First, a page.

The United States Post Office Department first implemented postal zones for in 1943. World War II caused thousands of experienced postal employees to leave and serve in the military. To offset this loss, the Post Office Department began a zoning address system in 124 cities so that mail could be separated by employees who didn’t have the same knowledge and experience.
By 1963, computers brought centralization of accounts and mass amounts of mail were being sent in the form of bills, bank deposits, advertising, magazines, mortgage bills, and payments, Social Security checks and more. Due to this volume of mail, the Post Office needed to advance its methods to be as efficient as possible. What resulted was the Zoning Improvement Plan (ZIP) Code, which launched on July 1, 1963.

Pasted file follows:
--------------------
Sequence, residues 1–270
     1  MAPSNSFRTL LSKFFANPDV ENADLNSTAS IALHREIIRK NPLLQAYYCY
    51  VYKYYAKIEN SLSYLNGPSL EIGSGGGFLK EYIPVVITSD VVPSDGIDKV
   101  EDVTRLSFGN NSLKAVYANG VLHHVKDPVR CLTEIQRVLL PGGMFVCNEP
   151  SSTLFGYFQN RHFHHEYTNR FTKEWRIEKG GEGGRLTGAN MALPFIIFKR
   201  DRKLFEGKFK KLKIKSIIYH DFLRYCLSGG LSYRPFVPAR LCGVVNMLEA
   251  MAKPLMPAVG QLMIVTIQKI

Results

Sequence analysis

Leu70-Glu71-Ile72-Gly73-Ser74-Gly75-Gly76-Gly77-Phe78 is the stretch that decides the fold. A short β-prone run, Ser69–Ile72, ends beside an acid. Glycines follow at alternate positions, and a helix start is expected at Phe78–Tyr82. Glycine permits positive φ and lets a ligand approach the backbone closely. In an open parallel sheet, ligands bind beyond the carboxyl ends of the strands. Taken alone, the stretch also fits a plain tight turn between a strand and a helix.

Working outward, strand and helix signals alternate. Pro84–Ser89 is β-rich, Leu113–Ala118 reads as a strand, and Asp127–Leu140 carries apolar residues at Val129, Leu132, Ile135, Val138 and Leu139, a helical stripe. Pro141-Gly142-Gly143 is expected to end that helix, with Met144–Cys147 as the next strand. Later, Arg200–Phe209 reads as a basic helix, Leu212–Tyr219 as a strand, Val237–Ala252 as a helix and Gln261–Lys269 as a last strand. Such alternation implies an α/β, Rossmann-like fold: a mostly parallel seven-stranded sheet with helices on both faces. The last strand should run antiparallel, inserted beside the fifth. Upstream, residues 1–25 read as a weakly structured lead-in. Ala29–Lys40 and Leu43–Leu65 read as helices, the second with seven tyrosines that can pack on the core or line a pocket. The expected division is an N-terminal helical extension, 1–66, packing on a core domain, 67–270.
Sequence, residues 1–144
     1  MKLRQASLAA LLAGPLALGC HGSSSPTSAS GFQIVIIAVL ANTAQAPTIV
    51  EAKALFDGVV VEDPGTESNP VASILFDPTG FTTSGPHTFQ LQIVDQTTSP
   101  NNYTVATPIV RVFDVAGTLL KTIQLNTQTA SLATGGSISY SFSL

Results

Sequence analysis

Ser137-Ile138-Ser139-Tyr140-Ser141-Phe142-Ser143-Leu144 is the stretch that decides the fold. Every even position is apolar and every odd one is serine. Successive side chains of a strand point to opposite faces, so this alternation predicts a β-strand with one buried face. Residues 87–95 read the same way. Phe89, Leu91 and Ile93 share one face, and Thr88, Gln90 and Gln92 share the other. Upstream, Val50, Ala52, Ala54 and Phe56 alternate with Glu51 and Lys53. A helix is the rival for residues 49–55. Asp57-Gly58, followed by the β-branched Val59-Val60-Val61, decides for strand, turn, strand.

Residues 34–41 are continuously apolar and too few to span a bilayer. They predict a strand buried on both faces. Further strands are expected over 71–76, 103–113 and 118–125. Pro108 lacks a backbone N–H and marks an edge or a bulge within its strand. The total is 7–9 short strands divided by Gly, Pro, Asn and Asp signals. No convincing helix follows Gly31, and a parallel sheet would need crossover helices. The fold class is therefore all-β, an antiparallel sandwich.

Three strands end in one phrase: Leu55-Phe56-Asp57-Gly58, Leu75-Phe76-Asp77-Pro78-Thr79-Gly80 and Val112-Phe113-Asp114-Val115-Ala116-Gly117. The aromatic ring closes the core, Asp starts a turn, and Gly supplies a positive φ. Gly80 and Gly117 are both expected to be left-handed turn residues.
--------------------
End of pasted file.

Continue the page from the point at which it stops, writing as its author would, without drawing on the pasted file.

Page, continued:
ZIP codes are five digits long. The first digit is assigned to a broad geographical area of the United States, ranging from zero in the Northeast to nine in the West. The next two digits pinpoint population concentrations and sectional centers accessible to common transportation networks. The final two digits in the code designate small Post Offices or postal codes in larger zoned cities.
There are approximately 42,000 zip codes in the United States today.